So we have this gorgeous floor in the shop, made of myrtlewood *
We bought it when we built the house - in winter of 2004/05, and everything was great, people adore the floor so much, I have to tell them : "Get your eyes off the floor, I'm selling games here!" LOL
Anyway, a couple of months ago I saw tiny mounds of powdery wood shavings on one of the boards (on top of where there was obvious bug activity in the tree)
All right, so we got the fumigators to come and look at it, and the diagnosis was - powder post beetles! **
So every morning I would come into the shop, and look at the floor, and see the new tiny holes, with powder around them in the most perfect minuscule mountains, like yellow volcanoes - and I would sit there and worry about how fast they spread, and look in, trying to see the beetle inside. Sometimes they would peek out, but not ever crawl out. I swept up the "volcanoes", and then the next morning there would be new ones to look at :)
And then the floor guy came, pulled up the boards and put in the new ones. They do not have the finish on them yet, so it looks like a big light brown island in the vast myrtlewood ocean. The carpenter took the old ones away, along with the beetles. Just put them in a black garbage bag and carried away.
So the next morning, and the next, and every morning for the last week, I come to the light brown island and stare at it. It takes me a while to remember, that my beetles have gone in a black plastic bag....
They were my pests,
And who knows, they may have left me some eggs, or larvae, or something else equally romantic, and I may see them again, my dear beetles...
* Myrtlewood trees only grow in two places on Earth - Oregon and Israel.
The tree can vary from a low shrub in the higher elevation with poor soil to 70 feet in groves along rich river bottoms. Generally, the trees will be 1 foot to 3 feet in diameter for each 100 years of age. When cut, the Myrtlewood yields some of the most varied colors and grain patterns to be found in a single species. Colors range from light straw to chocolate brown, mixed with lemon yellow to deep ruddy red and streaks of nearly black. This vivid color range can even appear in a single section of wood. [Also appearing in a section of wood - powder post beetles! - OO ] Some of the wood fibers twist and curl to form patterns known as burl, with thousands of tiny eyes; fiddle back which looks like waves undulating in the ocean, all tied together with random swirls of fibers. Myrtle is arguably the most beautiful wood native to the USA. This remarkable wood is exceptionally dense and strong, and finishes wonderfully. Myrtlewood is recognized for its beauty and strength in this area and has been used by craftsmen since the early nineteen hundreds. It’s made into bowls, goblets, musical instruments, flooring, moldings, window & door trim and everything in-between. There is no waste with Myrtlewood - what’s left over makes some of the best long burning firewood you can imagine. Taken from here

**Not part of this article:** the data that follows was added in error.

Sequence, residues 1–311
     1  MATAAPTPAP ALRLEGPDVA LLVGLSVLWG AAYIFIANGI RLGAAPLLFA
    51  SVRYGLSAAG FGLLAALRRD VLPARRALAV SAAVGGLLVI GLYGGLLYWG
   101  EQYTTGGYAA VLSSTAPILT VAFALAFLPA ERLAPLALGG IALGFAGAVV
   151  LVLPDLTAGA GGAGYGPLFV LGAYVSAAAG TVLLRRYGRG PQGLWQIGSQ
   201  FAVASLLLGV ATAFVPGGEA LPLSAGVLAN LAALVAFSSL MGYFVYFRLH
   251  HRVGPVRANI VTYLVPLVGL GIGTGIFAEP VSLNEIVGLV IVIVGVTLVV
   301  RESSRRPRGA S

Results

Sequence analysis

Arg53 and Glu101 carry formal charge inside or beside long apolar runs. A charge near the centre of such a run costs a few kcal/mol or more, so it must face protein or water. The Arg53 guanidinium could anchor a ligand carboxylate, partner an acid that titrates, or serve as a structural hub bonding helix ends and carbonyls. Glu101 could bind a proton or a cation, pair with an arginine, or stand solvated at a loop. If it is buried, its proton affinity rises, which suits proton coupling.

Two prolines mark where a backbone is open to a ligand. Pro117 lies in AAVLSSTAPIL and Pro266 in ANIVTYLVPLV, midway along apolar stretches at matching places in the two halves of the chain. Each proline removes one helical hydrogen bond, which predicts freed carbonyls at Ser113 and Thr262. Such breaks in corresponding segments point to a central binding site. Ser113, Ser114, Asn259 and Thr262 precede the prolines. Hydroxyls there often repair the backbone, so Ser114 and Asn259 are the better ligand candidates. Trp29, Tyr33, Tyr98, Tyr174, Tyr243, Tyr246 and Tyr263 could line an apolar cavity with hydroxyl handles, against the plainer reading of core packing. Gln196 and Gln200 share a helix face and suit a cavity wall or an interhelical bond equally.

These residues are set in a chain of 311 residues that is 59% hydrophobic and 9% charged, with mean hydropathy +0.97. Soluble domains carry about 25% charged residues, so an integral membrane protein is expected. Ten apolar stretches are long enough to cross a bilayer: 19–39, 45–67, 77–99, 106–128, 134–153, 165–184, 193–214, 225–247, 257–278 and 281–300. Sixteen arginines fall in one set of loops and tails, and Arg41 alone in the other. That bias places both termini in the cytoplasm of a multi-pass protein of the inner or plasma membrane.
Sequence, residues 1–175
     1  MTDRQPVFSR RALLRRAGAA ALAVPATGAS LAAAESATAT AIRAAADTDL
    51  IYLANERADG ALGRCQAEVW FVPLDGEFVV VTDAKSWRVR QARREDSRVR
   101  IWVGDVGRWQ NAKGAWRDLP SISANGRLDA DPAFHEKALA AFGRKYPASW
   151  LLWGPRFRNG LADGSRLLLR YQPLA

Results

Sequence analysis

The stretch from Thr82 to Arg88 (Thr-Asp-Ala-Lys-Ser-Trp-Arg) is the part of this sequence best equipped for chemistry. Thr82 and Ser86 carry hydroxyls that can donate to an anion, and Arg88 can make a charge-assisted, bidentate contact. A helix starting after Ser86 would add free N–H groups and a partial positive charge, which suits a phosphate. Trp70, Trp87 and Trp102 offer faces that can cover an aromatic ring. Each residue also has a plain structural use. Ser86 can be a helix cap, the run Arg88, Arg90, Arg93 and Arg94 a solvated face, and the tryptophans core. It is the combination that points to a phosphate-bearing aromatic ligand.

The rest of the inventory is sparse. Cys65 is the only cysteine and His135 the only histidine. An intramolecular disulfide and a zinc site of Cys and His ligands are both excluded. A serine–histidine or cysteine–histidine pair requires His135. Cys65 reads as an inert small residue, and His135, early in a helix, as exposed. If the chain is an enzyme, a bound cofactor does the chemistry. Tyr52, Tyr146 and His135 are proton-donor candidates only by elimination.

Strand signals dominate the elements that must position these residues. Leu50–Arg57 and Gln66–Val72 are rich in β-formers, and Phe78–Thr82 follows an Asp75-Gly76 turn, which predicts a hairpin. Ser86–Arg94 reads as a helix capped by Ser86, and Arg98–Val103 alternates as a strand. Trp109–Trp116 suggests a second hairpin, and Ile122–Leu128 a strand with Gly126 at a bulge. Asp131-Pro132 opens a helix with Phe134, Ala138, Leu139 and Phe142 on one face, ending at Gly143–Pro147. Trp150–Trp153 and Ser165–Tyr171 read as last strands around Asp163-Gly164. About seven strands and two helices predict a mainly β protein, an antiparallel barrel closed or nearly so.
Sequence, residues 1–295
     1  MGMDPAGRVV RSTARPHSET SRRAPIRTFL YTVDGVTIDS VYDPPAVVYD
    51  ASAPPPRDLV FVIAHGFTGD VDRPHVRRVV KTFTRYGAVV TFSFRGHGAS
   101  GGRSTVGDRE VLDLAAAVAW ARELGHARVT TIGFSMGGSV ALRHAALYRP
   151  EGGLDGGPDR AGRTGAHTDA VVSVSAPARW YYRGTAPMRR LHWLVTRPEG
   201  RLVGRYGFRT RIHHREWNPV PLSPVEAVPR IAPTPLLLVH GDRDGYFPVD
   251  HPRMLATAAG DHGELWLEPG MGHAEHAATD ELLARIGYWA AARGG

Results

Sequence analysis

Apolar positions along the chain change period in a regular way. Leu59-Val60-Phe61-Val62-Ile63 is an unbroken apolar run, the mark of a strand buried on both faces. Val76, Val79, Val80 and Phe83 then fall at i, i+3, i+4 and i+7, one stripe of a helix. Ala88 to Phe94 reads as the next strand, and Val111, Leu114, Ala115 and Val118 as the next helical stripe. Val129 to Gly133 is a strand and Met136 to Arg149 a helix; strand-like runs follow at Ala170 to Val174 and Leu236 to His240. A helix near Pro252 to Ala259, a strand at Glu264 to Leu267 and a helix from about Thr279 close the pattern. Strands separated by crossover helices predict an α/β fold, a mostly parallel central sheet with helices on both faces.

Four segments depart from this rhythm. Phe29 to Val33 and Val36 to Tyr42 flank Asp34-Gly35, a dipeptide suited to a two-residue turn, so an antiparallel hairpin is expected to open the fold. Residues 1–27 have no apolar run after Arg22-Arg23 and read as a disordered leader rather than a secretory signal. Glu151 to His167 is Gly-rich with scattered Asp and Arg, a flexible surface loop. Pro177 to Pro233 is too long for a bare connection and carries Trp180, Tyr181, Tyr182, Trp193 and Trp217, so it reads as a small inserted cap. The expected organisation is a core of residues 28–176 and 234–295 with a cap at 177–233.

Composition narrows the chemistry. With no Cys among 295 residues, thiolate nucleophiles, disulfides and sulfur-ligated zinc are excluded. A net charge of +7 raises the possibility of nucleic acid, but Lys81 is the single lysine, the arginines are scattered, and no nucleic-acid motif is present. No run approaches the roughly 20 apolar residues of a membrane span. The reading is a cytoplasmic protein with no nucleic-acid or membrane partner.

Our floor was made of logging salvage wood, so it is environmentally friendly. The wood is very hard, good for high traffic areas, and drop-dead gorgeous! It looks like oak, it looks like birch, it looks like maple, pine and even cherry. Every board is unique in pattern and color.
The larvae of powder post beetles reduce timbers to a mass of very fine, powder-like substance. You can easily recognize the work of powder post beetles. When the adults emerge, usually in June, some species leave small holes about the size of a pin in the
surface of the wood; others make holes the size of pencil lead. From these holes, a fine, powder like brood of larvae carry on their destructive feeding. Normally, these insects have a 1-year life cycle; this means that the adults will appear only once each year. And because of this habit the larvae have a feeding period of many months.